For Husserl, and this is a central thought that plays a crucial role in all his major works and is presumably developed in most detail in his Crisis, for any natural science subjectivity is the ultimate source of justification (cf. Husserl Reference Husserl1984, 120). “Subjective acts motivate everything” (121). This, of course, does not mean that phenomenology can provide the laws of physics or chemistry, but the justification of any law of physics or chemistry, ultimately, depends on originary presentive acts such as visual experiences and it is the task of phenomenology to elucidate why visual experiences have justificatory force and how laws of nature can gain their justification from such experiences.

Importantly, subjectivity is not only the source of justification for the natural sciences but also for the formal sciences such as mathematics. Mathematical statements are justified by apodictic insights (Husserl Reference Husserl1984, 121–22) and for Husserl there is no doubt that “apodictic evidence justifies” (Husserl Reference Husserl1984, 122).Footnote 7 Like visual experiences, however, apodictic intuitions are subjective experiences that gain their justificatory force from something internal (namely their originary presentive character). “Apodictic Evidenz, the consciousness of necessity, seen, actually experienced (and not just spurious and presumed) is, though, something subjective, a singular experience, and in it lie grounds for justification” (Husserl Reference Husserl2008, 120). Thus, contrary to what might be suggested in the Prolegomena, it is not a formal discipline, such as formal logic, whose task it is to elucidate the ultimate sources and principles of justification, but the task of noetics, i.e., the phenomenology of reason that is basically the study of subjective acts and modes of givenness.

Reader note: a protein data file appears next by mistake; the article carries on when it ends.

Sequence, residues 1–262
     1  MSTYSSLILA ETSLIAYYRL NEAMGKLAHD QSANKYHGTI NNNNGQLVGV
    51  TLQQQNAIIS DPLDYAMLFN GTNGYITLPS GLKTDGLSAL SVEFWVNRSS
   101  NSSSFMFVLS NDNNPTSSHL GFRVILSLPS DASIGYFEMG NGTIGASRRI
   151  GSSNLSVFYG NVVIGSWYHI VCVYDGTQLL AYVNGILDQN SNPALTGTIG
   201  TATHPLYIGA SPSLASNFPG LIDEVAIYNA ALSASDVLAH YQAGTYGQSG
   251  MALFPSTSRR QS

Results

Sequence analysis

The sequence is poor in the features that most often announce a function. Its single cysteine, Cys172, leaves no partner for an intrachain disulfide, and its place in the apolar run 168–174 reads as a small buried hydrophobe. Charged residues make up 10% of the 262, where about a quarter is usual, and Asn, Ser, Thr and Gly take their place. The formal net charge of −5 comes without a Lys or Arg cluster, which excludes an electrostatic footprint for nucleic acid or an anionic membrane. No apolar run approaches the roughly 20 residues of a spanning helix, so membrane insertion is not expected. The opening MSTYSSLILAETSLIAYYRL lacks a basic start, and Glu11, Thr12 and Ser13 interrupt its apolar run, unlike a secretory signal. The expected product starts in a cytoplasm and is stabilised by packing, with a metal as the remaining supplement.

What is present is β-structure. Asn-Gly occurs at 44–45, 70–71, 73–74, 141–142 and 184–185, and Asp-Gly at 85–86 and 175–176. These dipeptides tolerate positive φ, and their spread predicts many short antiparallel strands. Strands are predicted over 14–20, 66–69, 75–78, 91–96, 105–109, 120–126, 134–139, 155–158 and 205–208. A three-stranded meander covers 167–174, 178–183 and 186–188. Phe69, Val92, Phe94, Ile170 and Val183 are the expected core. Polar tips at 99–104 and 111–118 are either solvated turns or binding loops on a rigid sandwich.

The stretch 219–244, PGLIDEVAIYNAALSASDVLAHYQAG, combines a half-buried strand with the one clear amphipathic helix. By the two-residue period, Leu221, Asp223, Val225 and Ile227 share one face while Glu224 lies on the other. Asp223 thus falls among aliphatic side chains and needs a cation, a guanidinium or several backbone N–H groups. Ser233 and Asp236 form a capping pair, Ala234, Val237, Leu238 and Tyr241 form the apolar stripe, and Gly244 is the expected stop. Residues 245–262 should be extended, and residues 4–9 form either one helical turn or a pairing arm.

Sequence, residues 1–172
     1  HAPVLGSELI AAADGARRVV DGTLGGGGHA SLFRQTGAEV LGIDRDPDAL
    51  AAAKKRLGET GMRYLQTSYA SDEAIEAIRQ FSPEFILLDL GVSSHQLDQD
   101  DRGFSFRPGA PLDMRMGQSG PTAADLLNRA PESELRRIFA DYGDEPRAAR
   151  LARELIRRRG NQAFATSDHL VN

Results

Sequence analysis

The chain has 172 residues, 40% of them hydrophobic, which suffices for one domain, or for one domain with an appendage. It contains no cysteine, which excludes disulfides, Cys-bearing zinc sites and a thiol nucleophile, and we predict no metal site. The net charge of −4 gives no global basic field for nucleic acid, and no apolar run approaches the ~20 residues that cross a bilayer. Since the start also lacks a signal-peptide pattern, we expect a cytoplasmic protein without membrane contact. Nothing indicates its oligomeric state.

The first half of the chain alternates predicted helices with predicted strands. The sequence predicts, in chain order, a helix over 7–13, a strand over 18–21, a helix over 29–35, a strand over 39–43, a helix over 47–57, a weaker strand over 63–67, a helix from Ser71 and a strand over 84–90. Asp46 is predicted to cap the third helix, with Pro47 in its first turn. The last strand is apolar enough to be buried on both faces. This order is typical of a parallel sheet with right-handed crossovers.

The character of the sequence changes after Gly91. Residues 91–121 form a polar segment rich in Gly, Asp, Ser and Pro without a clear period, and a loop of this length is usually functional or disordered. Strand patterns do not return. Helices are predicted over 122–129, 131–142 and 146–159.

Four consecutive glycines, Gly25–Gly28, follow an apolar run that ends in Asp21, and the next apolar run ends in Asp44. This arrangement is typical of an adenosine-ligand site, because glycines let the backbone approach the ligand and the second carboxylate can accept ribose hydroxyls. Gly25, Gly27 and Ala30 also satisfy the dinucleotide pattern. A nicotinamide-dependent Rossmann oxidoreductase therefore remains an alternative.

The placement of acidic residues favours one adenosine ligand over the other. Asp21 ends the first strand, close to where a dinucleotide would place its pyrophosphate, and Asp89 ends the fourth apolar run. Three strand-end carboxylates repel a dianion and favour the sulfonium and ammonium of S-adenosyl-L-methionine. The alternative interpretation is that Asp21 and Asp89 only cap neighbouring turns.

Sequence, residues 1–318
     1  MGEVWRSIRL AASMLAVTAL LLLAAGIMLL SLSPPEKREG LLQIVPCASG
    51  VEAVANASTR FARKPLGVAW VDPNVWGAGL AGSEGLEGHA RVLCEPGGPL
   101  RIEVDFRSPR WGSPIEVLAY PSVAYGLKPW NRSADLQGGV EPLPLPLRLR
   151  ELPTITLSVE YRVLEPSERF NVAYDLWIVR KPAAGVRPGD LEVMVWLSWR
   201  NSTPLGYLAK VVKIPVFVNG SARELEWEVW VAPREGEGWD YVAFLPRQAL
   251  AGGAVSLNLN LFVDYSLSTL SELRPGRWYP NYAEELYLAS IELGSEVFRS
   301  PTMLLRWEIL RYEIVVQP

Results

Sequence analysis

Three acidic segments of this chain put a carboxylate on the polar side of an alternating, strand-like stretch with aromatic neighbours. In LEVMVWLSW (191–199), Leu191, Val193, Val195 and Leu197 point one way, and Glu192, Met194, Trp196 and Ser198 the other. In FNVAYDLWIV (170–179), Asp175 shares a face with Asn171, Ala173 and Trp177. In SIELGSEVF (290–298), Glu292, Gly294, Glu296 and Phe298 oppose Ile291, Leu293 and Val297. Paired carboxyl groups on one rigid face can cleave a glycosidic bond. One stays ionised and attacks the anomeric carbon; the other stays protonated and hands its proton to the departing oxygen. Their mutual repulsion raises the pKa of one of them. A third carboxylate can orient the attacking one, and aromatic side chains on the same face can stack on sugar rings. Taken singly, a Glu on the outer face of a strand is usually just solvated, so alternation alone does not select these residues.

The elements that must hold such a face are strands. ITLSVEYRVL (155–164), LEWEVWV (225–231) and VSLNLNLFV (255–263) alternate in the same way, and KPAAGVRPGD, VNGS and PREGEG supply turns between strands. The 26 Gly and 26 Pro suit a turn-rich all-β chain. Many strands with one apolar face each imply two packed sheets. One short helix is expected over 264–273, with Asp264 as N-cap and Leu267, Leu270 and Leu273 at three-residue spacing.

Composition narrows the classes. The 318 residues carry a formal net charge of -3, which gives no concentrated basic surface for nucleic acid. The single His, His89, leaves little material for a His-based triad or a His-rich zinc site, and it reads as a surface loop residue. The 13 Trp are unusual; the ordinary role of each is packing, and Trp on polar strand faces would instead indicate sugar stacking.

It is to be noted that in this transcendental phase, apodictic insights and formal logic themselves are in need of epistemic elucidation. In the Prolegomena, Husserl pointed out that we need to accept apodictic insights because doing otherwise leads to unacceptable consequences such as relativism and skepticism (cf. Prolegomena, ch. 7). This is still true for Husserl, but now the question is a different one. The question is not, why should we believe that apodictic evidence is a source of justification? The question rather is why is apodictic evidence a source of justification? What gives it its justificatory force? Although related, these are two different questions, and Husserl realized that the latter is more fundamental.

Here we can see the main difference between Husserl’s formal and his mature transcendental logic. Formal logic is a general theory of science that abstracts from the individual sciences and aims at extracting the first principles and axioms such as the law of contradiction and the excluded middle. Based on these axioms, in further consequence, it aims at building purely logical theories (Husserl Reference Husserl1984, 124). A transcendental logic, on the other hand, is a descriptive and eidetic study of consciousness, subjective acts, and modes of givenness such that it can